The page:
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HOW IS THE PHMDC RESPONDING?

The Public Health Department is focusing on education, surveillance, and limited treatment of mosquito breeding habitat in the Madison Metropolitan Area to address the concern about WNV in our area. The Madison Metropolitan Area includes the City and Town of Madison, Middleton, Monona, Maple Bluff, Shorewood Hills, Sun Prairie, and the University of Wisconsin.

Surveillance

Public Health collects information on dead crows and blue jays to measure the impact of WNV on the bird population from year to year. At this time, this is our best measure of the level of this disease in Madison and Dane County and helps the Department determine the risk of humans to become ill with WNV from May through October.

Dane County residents who find a sick or dead crow or blue jay should call 1-800-433-1610 to report the bird.

In Dane County, Animal Services Officers will be picking up some sick blue jays and crows and submitting them for WNV testing. Testing for WNV in sick crows and blue jays ends after one bird tests positive for WNV.

ON JUNE 6, 2014, PHMDC WAS INFORMED THAT A CROW TESTED POSITIVE FOR WNV.
NO FURTHER BIRDS WILL BE TESTED FOR WNV IN DANE COUNTY IN 2014.

If you wish to submit a dead bird for testing, please do the following:

  • Double bag the bird and place on ice or freeze as soon as possible.
  • Transport the bird to our office at 2701 International Ln Rm 204, Madison WI 53704.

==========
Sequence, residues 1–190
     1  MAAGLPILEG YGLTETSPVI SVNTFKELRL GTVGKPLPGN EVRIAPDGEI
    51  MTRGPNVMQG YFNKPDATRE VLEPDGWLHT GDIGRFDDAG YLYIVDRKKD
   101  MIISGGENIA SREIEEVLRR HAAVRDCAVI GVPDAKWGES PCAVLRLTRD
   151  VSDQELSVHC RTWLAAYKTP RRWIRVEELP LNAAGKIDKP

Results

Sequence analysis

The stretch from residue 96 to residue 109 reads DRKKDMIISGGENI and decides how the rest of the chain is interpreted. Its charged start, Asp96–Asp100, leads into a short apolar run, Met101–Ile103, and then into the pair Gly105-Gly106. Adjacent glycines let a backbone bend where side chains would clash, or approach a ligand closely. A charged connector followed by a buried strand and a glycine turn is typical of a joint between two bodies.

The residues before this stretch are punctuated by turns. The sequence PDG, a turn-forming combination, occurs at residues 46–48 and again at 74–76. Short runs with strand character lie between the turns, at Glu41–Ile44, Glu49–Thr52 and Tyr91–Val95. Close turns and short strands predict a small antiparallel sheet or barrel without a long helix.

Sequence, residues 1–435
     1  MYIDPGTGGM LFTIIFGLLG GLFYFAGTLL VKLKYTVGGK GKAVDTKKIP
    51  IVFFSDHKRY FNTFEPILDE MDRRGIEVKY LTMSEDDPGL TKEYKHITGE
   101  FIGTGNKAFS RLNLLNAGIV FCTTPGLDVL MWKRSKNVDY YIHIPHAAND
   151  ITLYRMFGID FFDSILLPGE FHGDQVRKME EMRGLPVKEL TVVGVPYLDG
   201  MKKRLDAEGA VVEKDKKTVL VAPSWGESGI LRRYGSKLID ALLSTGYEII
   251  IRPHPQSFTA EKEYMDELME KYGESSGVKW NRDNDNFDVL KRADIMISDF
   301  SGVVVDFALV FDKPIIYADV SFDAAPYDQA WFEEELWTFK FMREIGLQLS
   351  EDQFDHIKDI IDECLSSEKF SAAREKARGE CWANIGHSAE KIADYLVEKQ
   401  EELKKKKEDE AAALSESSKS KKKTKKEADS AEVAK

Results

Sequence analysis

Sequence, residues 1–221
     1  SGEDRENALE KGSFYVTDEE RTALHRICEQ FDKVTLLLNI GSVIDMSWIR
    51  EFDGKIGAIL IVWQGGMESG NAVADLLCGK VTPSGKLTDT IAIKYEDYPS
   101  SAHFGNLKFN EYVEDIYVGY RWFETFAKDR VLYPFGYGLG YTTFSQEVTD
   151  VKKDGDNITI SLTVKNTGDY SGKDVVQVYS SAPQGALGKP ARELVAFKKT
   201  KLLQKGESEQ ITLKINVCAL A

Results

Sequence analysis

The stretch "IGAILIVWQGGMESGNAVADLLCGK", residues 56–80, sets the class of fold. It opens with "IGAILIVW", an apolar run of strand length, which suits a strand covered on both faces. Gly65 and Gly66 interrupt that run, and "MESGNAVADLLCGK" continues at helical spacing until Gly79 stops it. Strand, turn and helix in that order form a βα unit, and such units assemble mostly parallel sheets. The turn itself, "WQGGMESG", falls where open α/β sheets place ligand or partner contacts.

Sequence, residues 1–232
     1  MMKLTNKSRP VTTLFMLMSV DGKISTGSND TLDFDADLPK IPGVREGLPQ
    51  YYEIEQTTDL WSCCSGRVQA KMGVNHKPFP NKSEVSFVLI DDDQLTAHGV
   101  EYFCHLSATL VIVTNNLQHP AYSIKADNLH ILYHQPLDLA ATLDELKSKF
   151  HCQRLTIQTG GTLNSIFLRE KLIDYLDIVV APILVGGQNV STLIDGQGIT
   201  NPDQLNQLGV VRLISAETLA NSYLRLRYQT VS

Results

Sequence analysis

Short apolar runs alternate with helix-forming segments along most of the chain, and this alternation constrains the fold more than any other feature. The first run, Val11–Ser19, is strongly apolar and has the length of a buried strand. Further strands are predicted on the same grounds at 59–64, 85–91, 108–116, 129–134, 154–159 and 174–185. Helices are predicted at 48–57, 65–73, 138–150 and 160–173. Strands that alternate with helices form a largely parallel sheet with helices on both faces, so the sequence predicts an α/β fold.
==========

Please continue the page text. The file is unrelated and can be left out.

• The bird should be intact and not showing signs of decay.

Public Health staff also collect and monitor information on WNV infection in humans throughout the season. Infections in humans are monitored through lab testing and reports from healthcare providers.

Adult mosquito traps are placed in locations around the metropolitan area to provide information on mosquito activity in the area. Some of these mosquitoes are also tested for WNV.

Treatment of Mosquito Breeding Areas

Public Health will continue monitoring for mosquito breeding and treating sources of water on public land that are found to produce high numbers of mosquitoes known to carry and transmit WNV (primarily Culex species). The primary objective of this treatment will be to limit the build up of WNV infection in the bird population. This treatment protects human health by reducing the amount of virus in the environment. The Department will continue to trap adult mosquitoes to measure population levels.


For questions about mosquito monitoring and control, contact jhausbeck@publichealthmdc.com
Key Contacts
Report a sick or dead crow or blue jay:
1-800-433-1610

West Nile Virus in Dane County or Mosquito Monitoring & Control:
(608) 266-4821 or
email Public Health